The Splendor of Angkor's Empire
|A sandstone wall carving at Angkor Wat|
Deep in the jungles of Cambodia, a thousand fairy tale temples testify to the splendor of an ancient empire that endured for 600 years. Journey to the spell-binding capital of the Khmer Empire, a collection of sky-scraping temples, colossal carvings and vast reflecting pools, a place without equal anywhere on earth: Angkor.
The Ton Le Sap River runs southward through the center of Cambodia, from Ton Le Sap Lake to Phnom Penh. There it joins the Mekong River and the two waters run together to the sea. Well, it does that for half of the year anyway. For the other half, the Ton Le Sap River literally changes direction and flows northward, doubling the size of the lake and flooding thousands of acres of land.
This oddity, the result of a seasonal water-jam at the confluence of the two rivers, is just one of many contradictions found in Cambodia, a nation and a people that have been witness to the pinnacle and the nadir of human invention. Perhaps it is fitting then, that a land marred by the horrors of"killing fields," should also be home to the astounding assembly of temples known as Angkor Wat.
With a thousand temples spread out over 120 square miles, the ruins of Angkor are a singularly awesome human achievement. There are forty temples open to visitors (of which "Angkor Wat" is just one, albeit the most famous), and are among the most breathtaking ancient structures in Asia, if not the world. As Cambodia proves itself to be a safe and accessible destination, many travelers in Southeast Asia are making sure their jaunts include a visit to Angkor Wat.
The Khmer Empire
The city-state of Angkor served for nearly 600 years as the cultural and political hub of the Khmer Empire, one of Southeast Asia's most important civilizations. The Khmers dominated the region of present-day Cambodia from the ninth to the fifteenth century AD, hitting their hey-day at the beginning of second millennium with the ascension of King Suryavarman I. In was during Suryavarman's rule, and the 200 years to follow, that Angkor's most auspicious temples were built.
Hinduism was the principal religion of the ancient Khmers, not Buddhism as is commonly assumed. Khmer kings were considered earthly representations of Hindu deities, and the Angkor temples were built for worship of both king and god. The temples themselves are models of the mythical Mount Meru, and structural features such as towers, terraces, and moats represent various elements of the Meru myth. Fables from Hindu mythology are depicted in the temples' wall-carvings and external decorations.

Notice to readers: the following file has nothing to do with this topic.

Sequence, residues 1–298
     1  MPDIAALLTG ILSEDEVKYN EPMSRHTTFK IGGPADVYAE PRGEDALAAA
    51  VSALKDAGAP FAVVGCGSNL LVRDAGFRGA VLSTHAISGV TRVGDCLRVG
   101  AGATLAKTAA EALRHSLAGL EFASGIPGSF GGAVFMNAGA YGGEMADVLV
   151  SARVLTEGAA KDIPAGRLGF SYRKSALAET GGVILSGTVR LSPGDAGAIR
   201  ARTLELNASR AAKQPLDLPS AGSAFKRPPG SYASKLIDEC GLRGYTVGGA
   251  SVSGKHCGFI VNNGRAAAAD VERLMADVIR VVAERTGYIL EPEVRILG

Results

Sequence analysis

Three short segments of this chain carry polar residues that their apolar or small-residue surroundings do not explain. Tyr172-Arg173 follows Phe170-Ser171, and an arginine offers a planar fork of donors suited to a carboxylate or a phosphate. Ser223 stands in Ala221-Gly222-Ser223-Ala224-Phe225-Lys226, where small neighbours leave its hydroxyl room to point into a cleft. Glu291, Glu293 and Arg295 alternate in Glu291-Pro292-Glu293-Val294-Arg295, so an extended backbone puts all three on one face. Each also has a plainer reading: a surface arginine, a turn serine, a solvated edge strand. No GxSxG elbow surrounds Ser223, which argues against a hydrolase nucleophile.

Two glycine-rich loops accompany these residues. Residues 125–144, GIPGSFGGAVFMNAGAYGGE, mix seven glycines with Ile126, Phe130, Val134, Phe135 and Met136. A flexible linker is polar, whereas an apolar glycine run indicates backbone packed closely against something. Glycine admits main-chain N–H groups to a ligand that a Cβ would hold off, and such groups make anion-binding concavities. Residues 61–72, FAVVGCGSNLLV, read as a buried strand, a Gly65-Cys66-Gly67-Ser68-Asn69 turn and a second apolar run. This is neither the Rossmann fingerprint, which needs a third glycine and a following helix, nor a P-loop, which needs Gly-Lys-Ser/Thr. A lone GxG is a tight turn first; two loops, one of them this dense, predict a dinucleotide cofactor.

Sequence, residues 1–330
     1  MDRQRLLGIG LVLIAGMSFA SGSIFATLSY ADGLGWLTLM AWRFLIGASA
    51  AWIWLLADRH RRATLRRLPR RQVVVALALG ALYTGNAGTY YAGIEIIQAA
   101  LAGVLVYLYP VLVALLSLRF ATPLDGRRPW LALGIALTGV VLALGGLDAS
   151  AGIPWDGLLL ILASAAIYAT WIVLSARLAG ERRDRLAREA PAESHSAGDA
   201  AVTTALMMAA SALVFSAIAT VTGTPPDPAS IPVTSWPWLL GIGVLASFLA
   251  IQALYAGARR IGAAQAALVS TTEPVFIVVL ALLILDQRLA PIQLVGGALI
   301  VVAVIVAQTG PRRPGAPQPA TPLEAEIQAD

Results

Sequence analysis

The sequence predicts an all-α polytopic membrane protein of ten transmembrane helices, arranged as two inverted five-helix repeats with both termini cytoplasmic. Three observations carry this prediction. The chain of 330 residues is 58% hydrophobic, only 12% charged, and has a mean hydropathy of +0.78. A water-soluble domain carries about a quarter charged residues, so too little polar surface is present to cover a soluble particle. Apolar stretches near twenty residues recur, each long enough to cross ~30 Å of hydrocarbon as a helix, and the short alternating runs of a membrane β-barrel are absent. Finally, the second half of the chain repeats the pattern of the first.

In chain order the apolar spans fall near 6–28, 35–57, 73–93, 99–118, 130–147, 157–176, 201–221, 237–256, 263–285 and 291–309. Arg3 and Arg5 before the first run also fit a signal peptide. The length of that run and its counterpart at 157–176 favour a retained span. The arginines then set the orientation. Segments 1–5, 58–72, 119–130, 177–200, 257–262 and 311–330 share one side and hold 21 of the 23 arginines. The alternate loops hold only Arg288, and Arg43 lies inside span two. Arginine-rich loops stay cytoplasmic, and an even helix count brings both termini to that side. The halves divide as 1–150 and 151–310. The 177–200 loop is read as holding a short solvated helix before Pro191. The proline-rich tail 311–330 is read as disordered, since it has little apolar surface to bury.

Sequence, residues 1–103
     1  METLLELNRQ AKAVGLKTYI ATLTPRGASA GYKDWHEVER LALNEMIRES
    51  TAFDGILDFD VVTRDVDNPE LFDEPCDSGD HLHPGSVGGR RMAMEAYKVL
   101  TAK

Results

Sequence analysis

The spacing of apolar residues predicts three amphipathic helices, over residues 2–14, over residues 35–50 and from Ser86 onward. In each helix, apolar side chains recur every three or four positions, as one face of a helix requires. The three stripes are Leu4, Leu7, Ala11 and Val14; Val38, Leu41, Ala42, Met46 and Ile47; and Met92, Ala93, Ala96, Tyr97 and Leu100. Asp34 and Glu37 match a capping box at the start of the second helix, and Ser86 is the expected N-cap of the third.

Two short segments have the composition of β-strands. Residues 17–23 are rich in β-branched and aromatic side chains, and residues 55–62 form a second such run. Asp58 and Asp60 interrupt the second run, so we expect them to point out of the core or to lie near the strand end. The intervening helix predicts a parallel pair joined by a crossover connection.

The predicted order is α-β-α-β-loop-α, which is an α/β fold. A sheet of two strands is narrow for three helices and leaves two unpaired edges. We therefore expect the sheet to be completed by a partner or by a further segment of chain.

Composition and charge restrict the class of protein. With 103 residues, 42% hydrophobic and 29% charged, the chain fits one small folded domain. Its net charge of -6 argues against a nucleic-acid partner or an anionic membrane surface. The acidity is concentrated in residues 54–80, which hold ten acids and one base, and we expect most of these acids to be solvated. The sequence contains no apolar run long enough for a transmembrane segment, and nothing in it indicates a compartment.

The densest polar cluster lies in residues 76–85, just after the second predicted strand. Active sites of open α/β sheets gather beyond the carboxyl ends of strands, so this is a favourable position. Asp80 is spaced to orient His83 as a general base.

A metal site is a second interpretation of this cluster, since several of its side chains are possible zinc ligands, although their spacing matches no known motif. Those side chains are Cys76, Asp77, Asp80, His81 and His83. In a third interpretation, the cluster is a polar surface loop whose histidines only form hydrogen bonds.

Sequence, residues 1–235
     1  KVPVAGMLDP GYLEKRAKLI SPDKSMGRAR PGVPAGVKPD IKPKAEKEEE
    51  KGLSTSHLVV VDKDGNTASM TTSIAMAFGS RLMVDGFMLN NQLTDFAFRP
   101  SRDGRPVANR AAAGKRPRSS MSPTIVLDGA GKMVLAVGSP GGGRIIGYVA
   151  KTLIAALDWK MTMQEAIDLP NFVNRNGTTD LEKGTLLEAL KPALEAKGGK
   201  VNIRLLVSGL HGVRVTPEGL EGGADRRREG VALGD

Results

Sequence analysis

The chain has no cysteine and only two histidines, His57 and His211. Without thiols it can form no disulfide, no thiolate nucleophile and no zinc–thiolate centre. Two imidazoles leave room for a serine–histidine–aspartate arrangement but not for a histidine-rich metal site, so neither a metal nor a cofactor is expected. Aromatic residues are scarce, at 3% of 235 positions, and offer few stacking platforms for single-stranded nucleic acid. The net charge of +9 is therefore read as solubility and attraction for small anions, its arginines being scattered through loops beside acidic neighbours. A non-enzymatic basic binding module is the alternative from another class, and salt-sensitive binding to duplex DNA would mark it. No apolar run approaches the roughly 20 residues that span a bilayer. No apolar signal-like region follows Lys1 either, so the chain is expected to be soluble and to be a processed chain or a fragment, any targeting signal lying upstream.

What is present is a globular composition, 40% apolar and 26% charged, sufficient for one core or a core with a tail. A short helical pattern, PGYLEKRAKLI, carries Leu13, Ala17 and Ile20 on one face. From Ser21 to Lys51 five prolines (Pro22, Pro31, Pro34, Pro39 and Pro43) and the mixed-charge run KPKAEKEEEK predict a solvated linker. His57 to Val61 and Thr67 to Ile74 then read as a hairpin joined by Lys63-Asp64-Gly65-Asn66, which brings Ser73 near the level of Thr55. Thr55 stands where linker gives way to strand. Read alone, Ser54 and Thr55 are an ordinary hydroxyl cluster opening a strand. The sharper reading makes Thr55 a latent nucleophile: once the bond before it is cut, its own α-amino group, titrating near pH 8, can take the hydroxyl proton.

The"golden" period of the Khmer Empire was not a peaceful one, however, with rival powers from present-day Vietnam, Thailand, and Myanmar (Burma) vying with the Khmers for regional domination. Ironically, the Khmers' architectural prowess aided in their demise, as extensive temple construction, combined with frequent military conflicts, eventually drained the empire's resources. As the empire declined, Angkor was sacked several times, the last time occurring in 1432 at the hands of Thai armies.
The richness of Cambodia's ancient past is overshadowed by the horrors of its modern history. The regime of Pol Pot, and the tragedy of the Indochina conflict as a whole, is an indelible scar if not a still-festering wound on the Cambodian nation and people. It is only in the last two years that Cambodia has become reliably safe for average tourists.
There are towns and regions now open to travelers that only three years ago were totally off-limits to anyone fond of life and limb. Now that the Khmer Rouge is all but defunct, and the political system somewhat stable (though it took a coup-d'etat to achieve this) the government seems anxious to cast a new light on Cambodia, and cut itself a larger piece of Southeast Asia's burgeoning tourism pie.
Details mentioned in this article were accurate at the time of publication